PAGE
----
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Don Aldrich’s Book Reviews

published in Chess Today on 10 January 2004

Chess Endgame Training by Bernd Rossen, (Gambit 2003), flex, FAN, 176 pp, $19.95.

Chess Endgame Training is aimed squarely at the amateur player who has little endgame knowledge. The division of material is a little different from the usual, and the presentation is, as far as I know, entirely unique.

There are many basic endgame manuals that seek to instruct. Dvoretsky’s opinions aside, there are several that run from good to excellent — Mueller’s Fundamental Chess Endings and Keres’ Practical Chess Endings being two of my favorites. The field has pretty much consisted of explanation of concepts using examples from over the board play and composed studies, and often followed by exercises for the reader to solve.

Each chapter in CET begins with some explanation and an example, but this often consists of less than a page. The reader is then hit with 15 or 16 exercises to solve. The actual teaching takes place in the solutions to the exercises.

I admit this puzzled me a bit. The two building blocks of education are learn by doing and repetition. I am not at all sure giving a person who needs to learn endgame theory an exercise out of the box involving a concept he has never seen before is all that productive. Furthermore, there is not a lot of repetition — most of the exercises involve one specific idea.

For example, the first chapter on basic pawn endings begins with the idea of the queening square. It is simply explained, and then there are 16 exercises. The problem is that they do not all deal with the queening square idea. The concept of the opposition is introduced, as well as key squares and zugzwang. I am not at all sure if the student won’t be frustrated by examining positions to which he has no clue as how to proceed. Furthermore, if he does ‘get it,’ there are no additional exercises for him to test this newly won knowledge, as he got it by reading the solutions to the exercises.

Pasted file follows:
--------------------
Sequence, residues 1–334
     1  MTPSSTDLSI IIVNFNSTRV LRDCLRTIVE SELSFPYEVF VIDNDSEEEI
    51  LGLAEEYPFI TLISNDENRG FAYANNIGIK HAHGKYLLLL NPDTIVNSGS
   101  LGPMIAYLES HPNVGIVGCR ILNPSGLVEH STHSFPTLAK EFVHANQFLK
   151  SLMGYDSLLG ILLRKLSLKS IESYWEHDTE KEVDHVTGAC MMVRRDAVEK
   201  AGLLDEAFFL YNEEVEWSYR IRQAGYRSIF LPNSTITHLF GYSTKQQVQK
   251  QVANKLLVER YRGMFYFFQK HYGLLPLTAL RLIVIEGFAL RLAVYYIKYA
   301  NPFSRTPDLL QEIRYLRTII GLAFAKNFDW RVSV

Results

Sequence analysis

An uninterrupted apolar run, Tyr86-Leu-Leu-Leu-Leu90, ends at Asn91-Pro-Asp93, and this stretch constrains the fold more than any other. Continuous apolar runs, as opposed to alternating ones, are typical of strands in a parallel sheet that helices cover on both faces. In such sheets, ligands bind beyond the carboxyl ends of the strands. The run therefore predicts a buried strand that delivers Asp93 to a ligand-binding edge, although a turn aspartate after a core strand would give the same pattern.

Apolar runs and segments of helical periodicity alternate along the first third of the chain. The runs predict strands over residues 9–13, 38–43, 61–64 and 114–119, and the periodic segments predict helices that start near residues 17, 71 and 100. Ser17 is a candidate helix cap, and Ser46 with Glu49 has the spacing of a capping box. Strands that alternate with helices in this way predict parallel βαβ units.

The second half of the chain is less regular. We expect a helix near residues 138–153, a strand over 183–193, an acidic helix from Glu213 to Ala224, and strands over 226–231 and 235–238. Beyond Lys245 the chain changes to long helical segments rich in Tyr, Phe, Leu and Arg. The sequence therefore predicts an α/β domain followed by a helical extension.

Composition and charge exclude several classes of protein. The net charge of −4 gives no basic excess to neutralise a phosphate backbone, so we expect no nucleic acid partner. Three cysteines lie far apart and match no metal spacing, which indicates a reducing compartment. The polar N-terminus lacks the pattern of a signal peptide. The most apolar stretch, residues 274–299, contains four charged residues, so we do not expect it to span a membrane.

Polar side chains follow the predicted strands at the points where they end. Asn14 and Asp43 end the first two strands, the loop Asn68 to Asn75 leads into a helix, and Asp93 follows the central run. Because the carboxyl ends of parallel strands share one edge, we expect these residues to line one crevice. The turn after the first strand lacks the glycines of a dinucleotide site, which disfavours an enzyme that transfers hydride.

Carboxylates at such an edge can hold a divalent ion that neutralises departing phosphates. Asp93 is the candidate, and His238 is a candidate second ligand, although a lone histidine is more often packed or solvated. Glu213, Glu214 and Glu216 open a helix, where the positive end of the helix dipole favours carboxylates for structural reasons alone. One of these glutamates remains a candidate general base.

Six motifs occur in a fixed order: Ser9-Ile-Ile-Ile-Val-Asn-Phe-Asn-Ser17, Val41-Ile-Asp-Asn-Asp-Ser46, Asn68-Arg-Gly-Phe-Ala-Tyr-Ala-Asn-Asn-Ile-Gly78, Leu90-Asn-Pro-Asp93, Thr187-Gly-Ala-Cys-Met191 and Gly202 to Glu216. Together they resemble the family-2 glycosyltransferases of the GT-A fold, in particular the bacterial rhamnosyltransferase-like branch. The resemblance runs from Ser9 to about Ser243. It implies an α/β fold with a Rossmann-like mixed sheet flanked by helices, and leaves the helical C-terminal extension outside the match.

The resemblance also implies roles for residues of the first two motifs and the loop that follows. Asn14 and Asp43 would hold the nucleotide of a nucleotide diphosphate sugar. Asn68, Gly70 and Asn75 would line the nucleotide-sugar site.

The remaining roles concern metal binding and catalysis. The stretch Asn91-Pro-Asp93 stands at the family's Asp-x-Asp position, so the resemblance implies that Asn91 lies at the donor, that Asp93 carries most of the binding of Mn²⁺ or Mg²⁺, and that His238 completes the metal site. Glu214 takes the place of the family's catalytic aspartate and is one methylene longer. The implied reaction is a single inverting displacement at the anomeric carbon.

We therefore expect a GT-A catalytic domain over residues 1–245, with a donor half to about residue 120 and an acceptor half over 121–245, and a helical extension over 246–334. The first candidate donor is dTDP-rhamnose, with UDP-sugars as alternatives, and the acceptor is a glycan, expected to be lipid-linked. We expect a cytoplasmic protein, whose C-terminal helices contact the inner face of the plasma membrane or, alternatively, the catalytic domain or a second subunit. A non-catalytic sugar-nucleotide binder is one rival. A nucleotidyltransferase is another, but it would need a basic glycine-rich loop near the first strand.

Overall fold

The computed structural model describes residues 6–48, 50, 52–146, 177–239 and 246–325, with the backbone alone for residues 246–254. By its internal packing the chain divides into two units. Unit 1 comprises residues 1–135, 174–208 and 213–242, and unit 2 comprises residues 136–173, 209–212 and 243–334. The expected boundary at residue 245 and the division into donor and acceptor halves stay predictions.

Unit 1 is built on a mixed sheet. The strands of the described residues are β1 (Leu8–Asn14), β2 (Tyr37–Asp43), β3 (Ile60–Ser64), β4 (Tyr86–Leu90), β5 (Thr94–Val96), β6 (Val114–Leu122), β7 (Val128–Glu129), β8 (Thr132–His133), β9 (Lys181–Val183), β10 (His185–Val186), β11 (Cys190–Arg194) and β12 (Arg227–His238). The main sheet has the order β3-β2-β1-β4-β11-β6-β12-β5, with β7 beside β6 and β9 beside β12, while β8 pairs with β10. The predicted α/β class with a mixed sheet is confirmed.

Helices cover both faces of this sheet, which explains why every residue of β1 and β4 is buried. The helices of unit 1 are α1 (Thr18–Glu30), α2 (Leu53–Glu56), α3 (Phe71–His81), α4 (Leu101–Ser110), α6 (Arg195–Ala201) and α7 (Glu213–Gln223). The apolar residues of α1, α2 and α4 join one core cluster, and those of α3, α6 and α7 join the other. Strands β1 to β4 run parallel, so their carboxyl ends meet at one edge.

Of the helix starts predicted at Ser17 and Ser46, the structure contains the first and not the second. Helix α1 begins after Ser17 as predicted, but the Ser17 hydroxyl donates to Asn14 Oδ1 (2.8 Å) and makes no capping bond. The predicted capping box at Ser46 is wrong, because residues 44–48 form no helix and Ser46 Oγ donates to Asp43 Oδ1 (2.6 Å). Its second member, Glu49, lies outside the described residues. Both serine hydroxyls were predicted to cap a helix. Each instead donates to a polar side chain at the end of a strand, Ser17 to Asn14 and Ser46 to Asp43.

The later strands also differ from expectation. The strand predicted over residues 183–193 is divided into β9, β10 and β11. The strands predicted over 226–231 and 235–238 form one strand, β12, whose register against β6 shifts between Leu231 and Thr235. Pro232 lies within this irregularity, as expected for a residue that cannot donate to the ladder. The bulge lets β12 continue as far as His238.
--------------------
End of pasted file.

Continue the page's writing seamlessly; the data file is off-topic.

The divisions of knowledge are well thought out. There are several chapters on each ending covered — six King and Pawn, four Rook, two Queens. There are also individual chapters on Bishops, Knights, and Bishop vs. Knight.

It isn’t until we reach the last chapter that we discover the true intent of the work — to be used as a manual for teachers working with students. He sets out a complete endgame course with advice on how much time to spend on each chapter, which exercises should be used as lectures, and which should be given as exercises for the students to solve under the watchful eye of the instructor. This is to be followed by group discussion of the solutions.

Now, this makes some sense. I think Rossen has put some care into the selection of the material and outlining the course of instruction. However, the book is touted on the cover as “An experienced coach guides you through a practical training course.” This simply isn’t the case, at least for the student who has no coach.

This book probably fails a self-instructor, especially when compared to some of the better books currently on the market. It may have some value as an instruction manual to be used to teach others, but any experienced player who wishes to do so can probably do better with some effort on his own part and one of the more complete books.
Not Recommended

Other reviews by Don Aldrich

Review 1: The Critical Moment, by GM Iossif Dorfman (PDF Format)
Review 2: Shirov's 100 Wins, by Sergei Soloviov (PDF Format)
Review 3: School of Chess Excellence 1: Endgame Analysis, by Mark Dvoretsky (PDF Format)
Review 4: Winning Chess Strategies, by Yasser Seirawan (PDF Format)
Review 5: Purdy On The Endgame, compiled by Ralph Tykodi
Review 6: School of Chess Excellence 3: Strategic Play, by GM Mark Dvoretsky
Review 7: Secrets of Positional Play, by Drazen Marovic
Review 8: Tony Miles: It's Only Me, by Geoff Lawton
Review 9: Chess Strategy In Action, by John Watson
Review 10: Leko’s 100 Wins, by Sergei Soloviov
Review 11: Super Tournaments 2002, by Sergei Soloviov
Review 12: French Nd2, by Lev Psakhis
Review 13: Chess Endgame Training, by Bernd Rossen
Review 14: King's Indian Battle Plans, by IM Andrew Martin

All text Copyright Alexander Baburin unless otherwise noted